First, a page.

The BBC was informed by doctors in Afghanistan that the earthquake on Wednesday may have killed several youngsters.
The calamity claimed more than 1,000 lives, and rescuers are having difficulty due to persistent rain, depleted supplies, and difficult terrain.
The magnitude 6.1 earthquake destroyed countless thousands of dwellings, many of which were constructed of mud.
One patient at a hospital in the region of Paktika informed reporters that she had lost 19 family members.
She remarked from her bed, “Seven in one room, five in another, four in another, then three in another, have all been slaughtered in my family.”
More international assistance has been requested by the Taliban leadership. Networks for communication are also severely impacted.
According to a Taliban spokesman reported by Reuters news agency, “We can’t access the area – networks are too weak.”
The United Nations is one among the organizations scurrying to get food and shelter to isolated sections of Paktika.
According to survivors and rescuers who spoke to the BBC, villages close to the epicenter of the earthquake were entirely devastated, along with highways and cell phone towers. They also expressed their concern that the dead toll will continue to grow. According to officials, there were also around 1,500 injuries.
The Gayan and Barmal districts of Paktika have seen the most of the casualties thus far. Locals claim that numerous villages have collapsed.
A victim named Shabir told the BBC, “There was a rumbling and my bed started to tremble.”
“The roof gave way. Despite being confined, I could see the sky. Despite having a dislocated shoulder and head pain, I managed to escape. My family members who were in the same room with me and I am confident are seven or nine dead.”
A mother of six who suffered severe injuries in the earthquake told the BBC that many people in her area, including seven members of her own family, had died.
“We’re in dire straits. We are unable to rebuild our homes, “She spoke. “We don’t have any food.”
Under the debris are all of her family’s food supplies.
She continued, “There is nowhere to go.” I demand that the Taliban build our homes again.
Every person we encounter is eager to show us the earthquake-related damage to their homes.
They lost their houses, means of support, and loved ones. Items are dispersed throughout the rubble, including beds, cookware, and blankets.
The locals want their names to be included in help distribution plans so that people can more visibly understand how drastically their lives have been affected. Several humanitarian organizations have arrived on the scene, but it is obvious that additional assistance is required.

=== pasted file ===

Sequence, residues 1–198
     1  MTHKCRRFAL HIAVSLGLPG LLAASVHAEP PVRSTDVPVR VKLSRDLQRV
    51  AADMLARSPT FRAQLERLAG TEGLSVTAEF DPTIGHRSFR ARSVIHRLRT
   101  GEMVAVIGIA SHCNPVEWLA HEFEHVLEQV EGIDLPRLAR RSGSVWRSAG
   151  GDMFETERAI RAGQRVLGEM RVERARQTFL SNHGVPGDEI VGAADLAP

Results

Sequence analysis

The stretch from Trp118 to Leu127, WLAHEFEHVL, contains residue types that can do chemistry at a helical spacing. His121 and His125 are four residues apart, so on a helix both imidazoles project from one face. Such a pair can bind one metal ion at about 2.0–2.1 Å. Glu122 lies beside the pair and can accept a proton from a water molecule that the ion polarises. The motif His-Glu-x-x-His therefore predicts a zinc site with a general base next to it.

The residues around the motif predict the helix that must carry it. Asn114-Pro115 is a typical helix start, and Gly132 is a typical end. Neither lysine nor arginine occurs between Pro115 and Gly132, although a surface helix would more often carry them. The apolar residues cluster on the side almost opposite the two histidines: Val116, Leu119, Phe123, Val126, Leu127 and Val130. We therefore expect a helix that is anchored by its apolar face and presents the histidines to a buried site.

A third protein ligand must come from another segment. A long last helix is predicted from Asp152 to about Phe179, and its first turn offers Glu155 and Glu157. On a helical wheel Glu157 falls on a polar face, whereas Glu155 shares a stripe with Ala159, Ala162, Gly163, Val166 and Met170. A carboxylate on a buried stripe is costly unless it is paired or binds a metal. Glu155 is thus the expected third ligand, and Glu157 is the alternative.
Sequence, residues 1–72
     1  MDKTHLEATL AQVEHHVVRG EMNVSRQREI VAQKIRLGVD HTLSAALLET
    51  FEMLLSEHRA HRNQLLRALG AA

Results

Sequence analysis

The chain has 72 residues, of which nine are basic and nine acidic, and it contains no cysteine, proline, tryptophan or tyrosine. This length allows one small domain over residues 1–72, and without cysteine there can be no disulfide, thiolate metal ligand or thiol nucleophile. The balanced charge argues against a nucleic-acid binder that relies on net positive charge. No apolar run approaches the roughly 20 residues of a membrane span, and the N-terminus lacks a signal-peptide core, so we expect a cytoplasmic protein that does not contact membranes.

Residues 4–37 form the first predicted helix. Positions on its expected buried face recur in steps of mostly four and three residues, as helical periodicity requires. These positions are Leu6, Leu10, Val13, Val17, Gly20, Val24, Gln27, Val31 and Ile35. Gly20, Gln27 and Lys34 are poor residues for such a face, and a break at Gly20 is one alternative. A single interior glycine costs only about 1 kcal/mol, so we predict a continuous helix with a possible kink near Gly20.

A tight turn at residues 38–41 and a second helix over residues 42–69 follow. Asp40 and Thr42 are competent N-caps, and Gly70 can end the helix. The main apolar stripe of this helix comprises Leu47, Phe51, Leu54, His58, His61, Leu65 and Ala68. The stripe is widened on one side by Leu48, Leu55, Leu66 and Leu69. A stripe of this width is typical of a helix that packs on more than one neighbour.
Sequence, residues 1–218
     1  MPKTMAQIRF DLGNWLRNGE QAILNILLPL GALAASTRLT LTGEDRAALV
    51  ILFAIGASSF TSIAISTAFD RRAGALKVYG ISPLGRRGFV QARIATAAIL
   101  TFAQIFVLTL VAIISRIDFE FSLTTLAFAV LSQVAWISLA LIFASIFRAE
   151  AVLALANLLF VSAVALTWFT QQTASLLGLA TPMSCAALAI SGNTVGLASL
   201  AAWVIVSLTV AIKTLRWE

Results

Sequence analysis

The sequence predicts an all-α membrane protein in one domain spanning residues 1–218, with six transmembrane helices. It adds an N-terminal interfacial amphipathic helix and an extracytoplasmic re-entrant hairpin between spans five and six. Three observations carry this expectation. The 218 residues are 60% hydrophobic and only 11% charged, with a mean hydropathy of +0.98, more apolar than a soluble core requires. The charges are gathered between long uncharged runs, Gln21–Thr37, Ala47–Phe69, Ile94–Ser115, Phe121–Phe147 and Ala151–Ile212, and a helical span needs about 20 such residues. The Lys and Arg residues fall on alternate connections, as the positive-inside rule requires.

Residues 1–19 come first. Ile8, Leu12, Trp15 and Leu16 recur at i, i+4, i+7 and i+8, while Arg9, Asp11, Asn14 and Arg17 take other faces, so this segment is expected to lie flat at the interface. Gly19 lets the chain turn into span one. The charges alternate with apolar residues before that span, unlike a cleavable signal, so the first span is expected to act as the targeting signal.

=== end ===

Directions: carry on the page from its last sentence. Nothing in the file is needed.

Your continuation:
One of the men we meet has just returned to his town from working as a laborer in Pakistan. The earthquake claimed the lives of twenty members of his family, including his daughter.
After their father passed away, another elderly guy is now in charge of his five young grandkids. Tragic events abound in these valleys.
Many of the family are currently residing in temporary tents surrounded by the wreckage of the homes they had laboriously built.
The Taliban, an Islamist movement that reclaimed power last year after the fall of the Western-backed government, face a significant challenge in the wake of the country’s biggest earthquake in twenty years.
Early on Wednesday, an earthquake near the city of Khost, 44 kilometers (27 miles) distant, was felt as far away as Pakistan and India.
Abdul Qahar Balkhi, a top Taliban leader, claimed that the government was “financially unable to support the people to the extent that is needed” despite the humanitarian and economic catastrophe currently affecting Afghanistan.
António Guterres, the UN chief, claimed that his organization had “completely mobilized” in response to the catastrophe.
However, Mohammad Amin Huzaifa, the information director for the province of Paktika, told AFP that due to the “severe rains yesterday night,” it was “extremely difficult” for rescuers to get to areas “hit by floods.”
Due to its location in a tectonically active area and its proximity to a variety of fault lines, including the Chaman fault, the Hari Rud fault, the Central Badakhshan fault, and the Darvaz fault, Afghanistan is prone to earthquakes.
According to the UN Office for the Coordination of Humanitarian Affairs, more than 7,000 people have died in earthquakes in the nation during the past ten years. Earthquakes cause 560 fatalities annually on average.
Even before the Taliban took control of the country, Afghanistan’s emergency services were understaffed and underequipped to handle natural disasters.
93 percent of Afghan households, according to the UN, experience food insecurity. The “dire economic condition” in Afghanistan, according to Lucien Christen of the Red Cross, prevents “Afghan families” from putting food on the table.